Maimonides the Rationalist

BookMaimonides the Rationalist

Maimonides the Rationalist

Littman Library of Jewish Civilization

2015

September 3rd, 2015

£19.95

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'Not surprisingly, this book is a major contribution to Maimonidean studies and to the history of medieval Jewish philosophy generally.'
Aleph
'Davidson contributes much to the understanding of Maimonides ... recommended for all students of Maimonides and religious thought.'
Stephen D. Benin, Religious Studies Review

Maimonides was not the first rabbinic scholar to take an interest in philosophy, but he was unique in being a towering figure in both areas. His law code, the Mishneh torah, stands with Rashi's commentary on the Babylonian Talmud as one of the two most intensely studied rabbinic works coming out of the Middle Ages, while his Guide of the Perplexed is the most influential and widely read Jewish philosophical work ever written.

Admirers and critics have arrived at wildly divergent perceptions of the man. We have Maimonides the atheist or agnostic, Maimonides the sceptic, Maimonides the deist, Maimonides the Aristotelian, the Averroist, or proto-Kantian. We have a Maimonides seduced by the blandishments of 'accursed philosophy'; a Maimonides who sowed the seeds that led to Spanish Jews' loss of faith and mass apostasy and who was therefore responsible for the demise of Spanish Jewry; a Maimonides who incorporated philosophical elements into his rabbinic works and wrote the Guide of the Perplexed not to propagate doctrines to which he was personally committed but in order to rescue errant souls seduced by philosophy; a Maimonides who was the defender of the faith and defined the articles of Jewish belief for all time.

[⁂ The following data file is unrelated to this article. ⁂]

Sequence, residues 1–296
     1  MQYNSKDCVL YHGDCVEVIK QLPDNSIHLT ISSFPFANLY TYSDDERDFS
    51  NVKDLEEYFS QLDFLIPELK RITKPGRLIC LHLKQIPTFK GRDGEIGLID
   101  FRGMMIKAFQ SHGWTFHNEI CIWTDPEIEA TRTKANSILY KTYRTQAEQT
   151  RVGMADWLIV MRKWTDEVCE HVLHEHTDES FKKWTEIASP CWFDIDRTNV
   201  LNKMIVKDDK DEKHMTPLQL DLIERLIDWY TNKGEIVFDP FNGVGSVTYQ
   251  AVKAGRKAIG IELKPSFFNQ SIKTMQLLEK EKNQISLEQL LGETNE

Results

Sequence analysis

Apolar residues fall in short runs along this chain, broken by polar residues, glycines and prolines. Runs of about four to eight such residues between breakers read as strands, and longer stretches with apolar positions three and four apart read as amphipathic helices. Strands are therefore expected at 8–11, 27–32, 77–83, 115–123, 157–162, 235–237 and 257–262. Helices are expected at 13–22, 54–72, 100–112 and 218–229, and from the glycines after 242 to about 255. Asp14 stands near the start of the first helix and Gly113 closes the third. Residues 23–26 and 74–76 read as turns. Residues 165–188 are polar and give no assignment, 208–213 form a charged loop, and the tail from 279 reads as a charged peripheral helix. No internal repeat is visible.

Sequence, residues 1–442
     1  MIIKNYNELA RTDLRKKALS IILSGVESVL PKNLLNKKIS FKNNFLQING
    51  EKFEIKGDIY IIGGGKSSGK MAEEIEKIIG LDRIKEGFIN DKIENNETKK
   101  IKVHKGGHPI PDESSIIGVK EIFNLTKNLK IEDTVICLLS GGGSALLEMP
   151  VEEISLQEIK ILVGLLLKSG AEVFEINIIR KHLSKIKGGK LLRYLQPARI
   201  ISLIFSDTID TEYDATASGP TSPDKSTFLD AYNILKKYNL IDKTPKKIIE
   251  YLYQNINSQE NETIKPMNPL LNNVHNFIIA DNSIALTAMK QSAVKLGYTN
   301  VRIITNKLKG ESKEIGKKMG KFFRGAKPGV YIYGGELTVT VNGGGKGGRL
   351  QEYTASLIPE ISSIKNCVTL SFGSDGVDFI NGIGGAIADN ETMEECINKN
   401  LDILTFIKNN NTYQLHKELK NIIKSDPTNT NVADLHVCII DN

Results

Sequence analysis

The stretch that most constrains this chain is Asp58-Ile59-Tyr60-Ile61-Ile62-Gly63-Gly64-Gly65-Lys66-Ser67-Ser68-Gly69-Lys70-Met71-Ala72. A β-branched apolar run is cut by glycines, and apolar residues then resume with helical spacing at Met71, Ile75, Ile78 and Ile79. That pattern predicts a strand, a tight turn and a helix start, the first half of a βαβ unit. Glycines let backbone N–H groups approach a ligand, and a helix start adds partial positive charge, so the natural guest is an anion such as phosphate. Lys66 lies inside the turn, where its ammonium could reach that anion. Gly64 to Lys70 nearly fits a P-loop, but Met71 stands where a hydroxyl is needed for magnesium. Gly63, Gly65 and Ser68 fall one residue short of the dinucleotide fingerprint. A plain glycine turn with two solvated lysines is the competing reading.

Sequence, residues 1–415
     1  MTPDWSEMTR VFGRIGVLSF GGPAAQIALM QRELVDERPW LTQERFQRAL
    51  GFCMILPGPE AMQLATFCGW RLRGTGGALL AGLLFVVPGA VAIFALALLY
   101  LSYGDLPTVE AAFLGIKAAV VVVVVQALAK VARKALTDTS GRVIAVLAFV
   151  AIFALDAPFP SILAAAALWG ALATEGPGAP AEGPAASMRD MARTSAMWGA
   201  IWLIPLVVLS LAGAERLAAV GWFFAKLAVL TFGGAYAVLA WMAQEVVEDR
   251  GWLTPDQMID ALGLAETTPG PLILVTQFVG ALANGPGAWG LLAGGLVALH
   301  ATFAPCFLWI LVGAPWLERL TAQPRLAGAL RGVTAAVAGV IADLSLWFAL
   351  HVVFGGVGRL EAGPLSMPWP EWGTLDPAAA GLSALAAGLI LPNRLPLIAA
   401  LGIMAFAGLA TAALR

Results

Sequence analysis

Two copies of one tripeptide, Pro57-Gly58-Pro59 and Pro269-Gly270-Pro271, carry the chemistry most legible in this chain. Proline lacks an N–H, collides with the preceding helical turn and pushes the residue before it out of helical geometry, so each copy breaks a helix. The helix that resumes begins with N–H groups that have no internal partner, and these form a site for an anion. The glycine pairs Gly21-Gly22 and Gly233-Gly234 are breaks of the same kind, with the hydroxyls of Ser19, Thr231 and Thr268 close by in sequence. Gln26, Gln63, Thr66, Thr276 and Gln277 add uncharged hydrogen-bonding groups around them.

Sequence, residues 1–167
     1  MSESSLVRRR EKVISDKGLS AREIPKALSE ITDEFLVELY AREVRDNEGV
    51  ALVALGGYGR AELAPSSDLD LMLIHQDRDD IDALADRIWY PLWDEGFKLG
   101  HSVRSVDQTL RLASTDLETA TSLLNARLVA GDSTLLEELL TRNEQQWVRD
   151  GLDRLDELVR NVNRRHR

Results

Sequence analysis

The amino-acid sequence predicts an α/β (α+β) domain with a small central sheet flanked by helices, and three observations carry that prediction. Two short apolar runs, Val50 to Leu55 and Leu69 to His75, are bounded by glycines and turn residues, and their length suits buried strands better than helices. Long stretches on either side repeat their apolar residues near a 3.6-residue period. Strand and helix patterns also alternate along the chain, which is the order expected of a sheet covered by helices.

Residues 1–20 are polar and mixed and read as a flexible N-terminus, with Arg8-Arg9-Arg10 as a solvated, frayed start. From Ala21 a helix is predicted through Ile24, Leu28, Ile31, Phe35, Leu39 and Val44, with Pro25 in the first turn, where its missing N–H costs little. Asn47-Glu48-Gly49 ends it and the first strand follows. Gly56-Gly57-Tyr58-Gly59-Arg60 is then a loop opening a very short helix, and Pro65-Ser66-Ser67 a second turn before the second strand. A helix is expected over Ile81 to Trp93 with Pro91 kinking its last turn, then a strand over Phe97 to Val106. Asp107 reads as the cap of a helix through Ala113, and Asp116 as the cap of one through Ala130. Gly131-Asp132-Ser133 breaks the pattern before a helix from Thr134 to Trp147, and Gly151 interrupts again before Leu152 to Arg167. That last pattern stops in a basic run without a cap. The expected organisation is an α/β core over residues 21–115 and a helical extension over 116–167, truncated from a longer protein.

In his own estimation, Maimonides was neither exclusively a dedicated philosopher nor exclusively a devoted rabbinist: he saw philosophy and the Written and Oral Torahs as a single, harmonious domain, and he believed that this view was similarly fundamental to the lives of the prophets and rabbis of old. In this book, Herbert Davidson examines Maimonides’ efforts to reconstitute this all-embracing, rationalist worldview that he felt had been lost during the millennium-long exile.

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About The Author

Herbert A. Davidson is Professor of Hebrew Emeritus and Research Professor at the University of California, Los Angeles. He is the author of 'The Philosophy of Abraham Shalom', 'Proofs for Eternity, Creation, and the Existence of God in Medieval Islamic and Jewish Philosophy', 'Alfarabi, Avicenna, and Averroes on Intellect', and 'Moses Maimonides, The Man and His Work', and editor of a medieval Hebrew translation of Averroes' 'Middle Commentary on the Isagoge and Categories' (and translator of the English edition of this).